Even though this is the most important war yet, the stakes have never been higher. Season 4 of Cobra Kai is Netflix’s first original production since purchasing the series from YouTube TV. There are a few growing pains obvious in this new period, even though the creative crew remains the same. Nevertheless, it’s an exhilarating experience.
To reach the All-Valley Tournament, Eagle Fang Karate and Miyagi-Do will have to overcome one more obstacle: convincing Johnny Lawrence (William Zabka) and Daniel LaRusso (Ralph Macchio) that they need to work together. Johnny and Daniel spend a lot of time attempting to get past the “mortal foes” problem, while agreeing to work together to take down Cobra Kai, which is now run by the diabolical John Kreese (Martin Kove). Most of the season will be devoted to this endeavor, with different degrees of success (and varying degrees of viewer frustration).
Feuds aren’t resolved overnight. Problem is, Johnny and Daniel have already spent three seasons gradually understanding that their yin-and-yang relationship might have some gray spots. This has been an ongoing plot point for the past three years, and it’s a little discouraging that it’s so central to the Story.
Season 4 has a sentimental sense about it that wasn’t expected, and it has nothing to do with the inclusion of younger characters. This show’s cheese has always worked because it’s so good at playing on our fondest childhood memories. Some of that charm may have been lost because Netflix added some significant “why is this happening?” moments, but it’s impossible to say for certain. There is a needle drop in the penultimate episode that will either make you squeal with delight or convert you into a metaphorical anime character with little question marks flying above your head. Not a good thing to say about Netflix in this situation.
Terry Silver’s ride, on the other hand, may be the most challenging. The fact that Thomas Ian Griffith is returning to the series has an entirely new impact. Kreese’s wickedness is a more palatable one than others. Cobra Kai’s leader is a cunning manipulator who understands how to get his way no matter the circumstances. Except for Terrance Silver. Mind tricks by Silver were the only way to break Daniel LaRusso. Terry, on the other hand, appears to be in good health and glad to be living his life as a retired entrepreneur with a beautiful vegan partner. It is only now that Kreese needs his second in the dojo and has no qualms about destroying his war buddy’s life to get back into Cobra Kai.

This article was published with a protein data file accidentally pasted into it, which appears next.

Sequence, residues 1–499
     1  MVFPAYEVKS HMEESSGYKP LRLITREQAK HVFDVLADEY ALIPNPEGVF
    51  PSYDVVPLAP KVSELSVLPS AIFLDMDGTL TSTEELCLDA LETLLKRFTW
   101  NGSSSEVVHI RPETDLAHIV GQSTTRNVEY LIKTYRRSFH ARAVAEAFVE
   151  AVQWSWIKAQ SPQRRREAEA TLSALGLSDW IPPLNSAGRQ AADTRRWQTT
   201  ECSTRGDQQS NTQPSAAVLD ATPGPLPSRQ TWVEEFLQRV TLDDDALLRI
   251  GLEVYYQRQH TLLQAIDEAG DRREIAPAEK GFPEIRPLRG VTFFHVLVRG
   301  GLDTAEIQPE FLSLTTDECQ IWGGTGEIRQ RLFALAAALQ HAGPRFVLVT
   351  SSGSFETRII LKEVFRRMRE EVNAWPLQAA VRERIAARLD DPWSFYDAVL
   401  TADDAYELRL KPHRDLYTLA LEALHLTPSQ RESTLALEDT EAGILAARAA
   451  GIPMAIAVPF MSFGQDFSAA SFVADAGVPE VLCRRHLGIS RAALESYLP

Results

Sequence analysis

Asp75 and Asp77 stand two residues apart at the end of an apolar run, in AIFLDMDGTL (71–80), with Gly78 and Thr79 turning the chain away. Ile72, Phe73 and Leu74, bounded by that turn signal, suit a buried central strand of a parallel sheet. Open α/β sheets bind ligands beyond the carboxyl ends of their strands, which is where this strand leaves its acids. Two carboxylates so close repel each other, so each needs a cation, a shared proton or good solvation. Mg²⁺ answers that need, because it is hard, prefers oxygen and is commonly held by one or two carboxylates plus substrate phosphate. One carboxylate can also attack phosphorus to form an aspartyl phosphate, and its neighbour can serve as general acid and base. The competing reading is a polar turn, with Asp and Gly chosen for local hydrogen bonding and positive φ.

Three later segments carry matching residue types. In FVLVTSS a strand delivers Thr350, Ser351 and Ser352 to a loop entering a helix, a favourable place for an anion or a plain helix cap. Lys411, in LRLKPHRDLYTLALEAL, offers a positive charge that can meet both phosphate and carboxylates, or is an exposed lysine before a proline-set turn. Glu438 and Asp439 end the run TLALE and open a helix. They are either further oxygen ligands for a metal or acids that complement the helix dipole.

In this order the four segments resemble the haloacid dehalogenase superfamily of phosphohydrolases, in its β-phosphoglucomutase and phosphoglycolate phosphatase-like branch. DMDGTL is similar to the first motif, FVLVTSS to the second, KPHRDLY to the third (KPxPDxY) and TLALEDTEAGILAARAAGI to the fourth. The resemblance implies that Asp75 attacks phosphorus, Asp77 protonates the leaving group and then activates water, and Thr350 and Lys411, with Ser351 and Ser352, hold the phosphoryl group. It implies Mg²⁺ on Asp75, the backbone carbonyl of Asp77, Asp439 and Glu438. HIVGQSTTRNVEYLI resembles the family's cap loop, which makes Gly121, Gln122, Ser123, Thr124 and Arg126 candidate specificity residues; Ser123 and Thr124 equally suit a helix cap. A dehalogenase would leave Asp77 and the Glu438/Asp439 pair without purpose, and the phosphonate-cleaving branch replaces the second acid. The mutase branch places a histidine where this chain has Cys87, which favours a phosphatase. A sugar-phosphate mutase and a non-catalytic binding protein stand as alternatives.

Kenny Payne (Dallas Dupree Young), the new prism through which Cobra Kai reflects its annual cycle of bullying, retaliation, and the dehumanization both causes, joins Silver as the new prism for our viewing pleasure. Once again, the introduction of new characters necessitates less time and distance for the old ones. However, neither the writers nor Young wasted the time allocated to Kenny. It’s easy to sympathize with his character and circumstances, especially the “breaking point” prank he plays on Robbie and Cobra Kai.
In seven half-hour episodes, there is still a lot of ground to cover. Cobra Kai Season 4’s initial two-thirds are largely held together by a lingering comparison between Daniel and Johnny’s opposing techniques, no matter how interesting the new characters are or how compelling their challenges are individually. Robbie and Tory (Peyton List) are briefly tested before the plot shifts focus to Hawk (Jacob Bertrand) and Demetri (Ashlee Miller) tussling at the other end of the stage. Because of List’s outstanding work the past two seasons, I was hoping for more from Tory. Regarding collaborations, the most interesting coupling comes from a source; you’d least expect it to be. After learning the narrative of one of the Cobra Kai, Amanda LaRusso shows a surprising degree of empathy for the criminals who threatened her children’s lives in the wake of this karate nonsense. I’m most excited for Season 5 because of developing both her, and this character.
The most intriguing aspect of this most current chapter is that it doesn’t go according to plan. The kids who look up to Johnny and Daniel can’t break their patterns, but that doesn’t mean they have to follow in their footsteps. Although the relationship between the two dojos has had its ups and downs, the result is clear. A bratty little bully may be made of any attitude at any age, regardless of who is teaching them. You’ll be both cheering and crying as the difficult relationship dynamics between Johnny and Miguel get stronger and stronger.
For better or worse, this new season of Cobra Kai was amazing. Even so, the series’ heart and soul are still very much on display. Season 4 brings a new level of corniness, but it’s balanced out by deeper emotional journeys and surprising team-ups that will have fans eagerly anticipating Season 5.
Cobra Kai Season 4 is now available on Netflix.